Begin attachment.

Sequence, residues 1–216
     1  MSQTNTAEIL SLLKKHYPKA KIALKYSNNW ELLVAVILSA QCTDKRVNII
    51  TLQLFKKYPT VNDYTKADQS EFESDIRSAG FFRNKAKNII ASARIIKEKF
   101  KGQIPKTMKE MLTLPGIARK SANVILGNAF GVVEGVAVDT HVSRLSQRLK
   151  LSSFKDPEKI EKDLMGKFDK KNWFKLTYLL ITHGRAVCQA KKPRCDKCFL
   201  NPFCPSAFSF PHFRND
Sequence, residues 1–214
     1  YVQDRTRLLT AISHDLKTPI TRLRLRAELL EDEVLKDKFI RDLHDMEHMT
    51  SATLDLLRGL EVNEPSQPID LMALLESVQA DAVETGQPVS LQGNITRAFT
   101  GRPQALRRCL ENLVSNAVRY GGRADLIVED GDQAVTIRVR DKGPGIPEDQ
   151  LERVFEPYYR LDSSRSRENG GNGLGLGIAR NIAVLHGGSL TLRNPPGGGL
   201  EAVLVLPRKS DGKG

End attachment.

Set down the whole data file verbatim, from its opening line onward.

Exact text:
Sequence, residues 1–216
     1  MSQTNTAEIL SLLKKHYPKA KIALKYSNNW ELLVAVILSA QCTDKRVNII
    51  TLQLFKKYPT VNDYTKADQS EFESDIRSAG FFRNKAKNII ASARIIKEKF
   101  KGQIPKTMKE MLTLPGIARK SANVILGNAF GVVEGVAVDT HVSRLSQRLK
   151  LSSFKDPEKI EKDLMGKFDK KNWFKLTYLL ITHGRAVCQA KKPRCDKCFL
   201  NPFCPSAFSF PHFRND
Sequence, residues 1–214
     1  YVQDRTRLLT AISHDLKTPI TRLRLRAELL EDEVLKDKFI RDLHDMEHMT
    51  SATLDLLRGL EVNEPSQPID LMALLESVQA DAVETGQPVS LQGNITRAFT
   101  GRPQALRRCL ENLVSNAVRY GGRADLIVED GDQAVTIRVR DKGPGIPEDQ
   151  LERVFEPYYR LDSSRSRENG GNGLGLGIAR NIAVLHGGSL TLRNPPGGGL
   201  EAVLVLPRKS DGKG